These provisions of the law are broader than the medical reimbursement requirements. SB 391 authorizes DPR and the CACs to levy a separate penalty for each person who is injured or made ill by a pesticide violation.
DPR and the CACs had previously been allowed to levy separate penalties only for multiple violations of worker safety regulations, the number of workers injured did not increase the penalty, only the number of code sections violated.
Now, a one person/one violation provision applies to violations involving workers as well as victims in non-occupational settings. DPR and CACs have the authority to multiply the amount of the penalty by the number of victims.
What this means is that DPR and the CACs could levy a penalty of up
to $5,000 for each person injured or made ill as a result of a violation of any pesticide law or regulation, significantly increasing the potential penalties. (FAC 12996.5[b])
The new requirements went into effect on January 1, 2005. There are no provisions in the law to apply it retroactively. This means the law was not written to apply to people injured before January 2005.
The new law only applies to incidents that occur after January 1, 2005, in which violations occur and there are non-occupational injuries.
The California Environmental Protection Agency (Cal/EPA) is taking the lead on this element of the law. Over the next year, Cal/EPA will work with the County Agricultural Commissioners, local health officers, other local government agencies, and affected community members on standard protocols”—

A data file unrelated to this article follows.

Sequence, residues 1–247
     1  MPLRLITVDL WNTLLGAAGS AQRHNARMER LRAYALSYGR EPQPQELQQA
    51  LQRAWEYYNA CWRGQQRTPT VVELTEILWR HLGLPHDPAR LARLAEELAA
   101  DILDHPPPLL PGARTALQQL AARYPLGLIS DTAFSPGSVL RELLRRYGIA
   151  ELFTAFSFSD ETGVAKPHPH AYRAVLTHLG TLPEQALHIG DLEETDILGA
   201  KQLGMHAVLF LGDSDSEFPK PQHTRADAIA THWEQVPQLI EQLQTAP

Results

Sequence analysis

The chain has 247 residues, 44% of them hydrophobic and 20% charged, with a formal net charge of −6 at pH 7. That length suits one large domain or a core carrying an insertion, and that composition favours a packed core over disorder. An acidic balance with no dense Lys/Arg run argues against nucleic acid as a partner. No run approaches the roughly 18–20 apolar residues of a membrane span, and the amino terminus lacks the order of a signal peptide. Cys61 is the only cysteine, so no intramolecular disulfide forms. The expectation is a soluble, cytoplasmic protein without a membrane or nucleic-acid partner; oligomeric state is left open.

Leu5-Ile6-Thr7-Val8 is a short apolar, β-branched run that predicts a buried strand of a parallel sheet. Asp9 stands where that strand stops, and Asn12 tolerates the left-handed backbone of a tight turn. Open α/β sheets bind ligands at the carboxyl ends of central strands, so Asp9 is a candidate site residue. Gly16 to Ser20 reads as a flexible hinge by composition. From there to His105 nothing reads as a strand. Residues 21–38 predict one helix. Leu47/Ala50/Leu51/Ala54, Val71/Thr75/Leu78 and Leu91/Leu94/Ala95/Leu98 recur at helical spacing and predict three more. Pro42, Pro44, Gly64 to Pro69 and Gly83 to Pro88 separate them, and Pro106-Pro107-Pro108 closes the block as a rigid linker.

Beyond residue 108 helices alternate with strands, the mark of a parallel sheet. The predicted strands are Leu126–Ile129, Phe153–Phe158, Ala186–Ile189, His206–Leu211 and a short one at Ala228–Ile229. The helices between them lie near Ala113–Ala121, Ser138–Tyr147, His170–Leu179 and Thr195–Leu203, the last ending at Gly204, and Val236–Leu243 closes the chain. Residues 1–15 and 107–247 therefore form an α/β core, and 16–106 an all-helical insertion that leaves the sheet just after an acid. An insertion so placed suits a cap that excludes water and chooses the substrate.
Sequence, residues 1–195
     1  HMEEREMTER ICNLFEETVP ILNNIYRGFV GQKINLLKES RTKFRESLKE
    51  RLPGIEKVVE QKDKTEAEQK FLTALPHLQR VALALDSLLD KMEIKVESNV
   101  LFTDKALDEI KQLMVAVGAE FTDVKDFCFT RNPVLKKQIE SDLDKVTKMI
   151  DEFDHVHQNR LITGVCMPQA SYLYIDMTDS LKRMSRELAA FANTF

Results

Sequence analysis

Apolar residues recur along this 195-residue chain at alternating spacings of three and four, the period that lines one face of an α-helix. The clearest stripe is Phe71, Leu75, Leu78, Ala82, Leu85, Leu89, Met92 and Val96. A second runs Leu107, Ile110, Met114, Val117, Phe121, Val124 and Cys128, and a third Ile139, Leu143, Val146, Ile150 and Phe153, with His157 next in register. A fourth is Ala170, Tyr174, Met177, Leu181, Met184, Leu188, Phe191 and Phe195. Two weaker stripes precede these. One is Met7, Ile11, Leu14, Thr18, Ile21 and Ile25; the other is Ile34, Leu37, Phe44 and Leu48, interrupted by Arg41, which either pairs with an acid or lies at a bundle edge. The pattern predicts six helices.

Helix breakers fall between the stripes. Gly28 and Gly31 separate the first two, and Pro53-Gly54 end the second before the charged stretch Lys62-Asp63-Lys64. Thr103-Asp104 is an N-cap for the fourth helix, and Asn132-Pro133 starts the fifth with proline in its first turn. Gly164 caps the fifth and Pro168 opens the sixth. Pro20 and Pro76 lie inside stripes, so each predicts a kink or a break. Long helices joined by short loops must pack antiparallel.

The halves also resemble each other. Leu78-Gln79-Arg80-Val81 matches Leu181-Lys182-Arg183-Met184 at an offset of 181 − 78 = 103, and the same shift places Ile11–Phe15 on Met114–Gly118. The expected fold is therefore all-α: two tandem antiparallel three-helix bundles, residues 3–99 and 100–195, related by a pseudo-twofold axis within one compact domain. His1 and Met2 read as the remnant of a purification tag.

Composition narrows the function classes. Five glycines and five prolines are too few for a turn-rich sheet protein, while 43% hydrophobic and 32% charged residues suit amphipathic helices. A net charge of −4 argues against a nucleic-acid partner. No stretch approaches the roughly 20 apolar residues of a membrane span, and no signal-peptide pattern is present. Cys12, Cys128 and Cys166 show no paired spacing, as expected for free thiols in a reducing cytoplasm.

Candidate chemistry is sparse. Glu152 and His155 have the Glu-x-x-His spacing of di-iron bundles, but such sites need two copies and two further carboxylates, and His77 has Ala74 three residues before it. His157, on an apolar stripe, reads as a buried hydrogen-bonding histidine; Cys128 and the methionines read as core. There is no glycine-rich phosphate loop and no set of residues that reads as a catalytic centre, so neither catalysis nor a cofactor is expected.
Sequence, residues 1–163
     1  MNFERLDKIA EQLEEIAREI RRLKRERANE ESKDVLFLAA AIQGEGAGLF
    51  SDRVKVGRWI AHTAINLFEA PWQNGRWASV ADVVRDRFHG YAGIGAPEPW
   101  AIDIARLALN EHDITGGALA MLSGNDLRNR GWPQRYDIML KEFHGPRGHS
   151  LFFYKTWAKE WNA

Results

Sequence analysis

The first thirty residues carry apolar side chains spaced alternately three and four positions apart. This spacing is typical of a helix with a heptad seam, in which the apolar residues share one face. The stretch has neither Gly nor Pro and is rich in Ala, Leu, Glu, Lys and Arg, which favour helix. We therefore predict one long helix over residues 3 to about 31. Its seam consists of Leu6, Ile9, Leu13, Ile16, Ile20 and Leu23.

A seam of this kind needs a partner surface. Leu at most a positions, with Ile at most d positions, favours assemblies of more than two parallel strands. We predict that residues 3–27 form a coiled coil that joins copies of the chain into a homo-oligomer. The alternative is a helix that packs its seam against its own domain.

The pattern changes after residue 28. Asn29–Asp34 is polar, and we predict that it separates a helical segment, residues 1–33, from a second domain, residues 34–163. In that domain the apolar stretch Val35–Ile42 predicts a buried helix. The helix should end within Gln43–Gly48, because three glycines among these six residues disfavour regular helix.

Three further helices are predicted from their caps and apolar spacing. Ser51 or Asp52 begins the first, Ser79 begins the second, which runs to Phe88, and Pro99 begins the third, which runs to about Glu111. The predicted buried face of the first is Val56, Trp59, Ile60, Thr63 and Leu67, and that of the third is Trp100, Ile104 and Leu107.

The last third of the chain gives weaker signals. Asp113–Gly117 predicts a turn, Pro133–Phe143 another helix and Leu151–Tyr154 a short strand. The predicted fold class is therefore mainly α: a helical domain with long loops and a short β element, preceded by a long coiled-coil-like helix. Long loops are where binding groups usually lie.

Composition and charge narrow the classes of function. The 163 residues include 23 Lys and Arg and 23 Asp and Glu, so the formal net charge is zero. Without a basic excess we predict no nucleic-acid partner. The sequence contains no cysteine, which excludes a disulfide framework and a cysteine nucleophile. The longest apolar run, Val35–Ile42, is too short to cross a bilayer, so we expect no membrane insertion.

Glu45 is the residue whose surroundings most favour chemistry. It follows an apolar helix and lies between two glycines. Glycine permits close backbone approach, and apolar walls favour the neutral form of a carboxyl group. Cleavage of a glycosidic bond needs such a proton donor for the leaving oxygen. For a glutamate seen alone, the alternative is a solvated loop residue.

standardized operating procedures - for pesticide incidents. The goal will be to improve procedures used to:
Contact DPR’s chief legal counsel, Polly Frenkel, 916-324-2666, or via email to firstname.lastname@example.org.
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ABOUT THE DEPARTMENT OF PESTICIDE REGULATION
The California Department of Pesticide Regulation (DPR) protects human health and the environment by regulating pesticide sales and use and by fostering reduced-risk pest management. DPR’s strict oversight includes product evaluation and registration, environmental monitoring, residue testing of fresh produce, and local use enforcement through the county agricultural commissioners. DPR is one of six boards and departments within the California Environmental Protection Agency.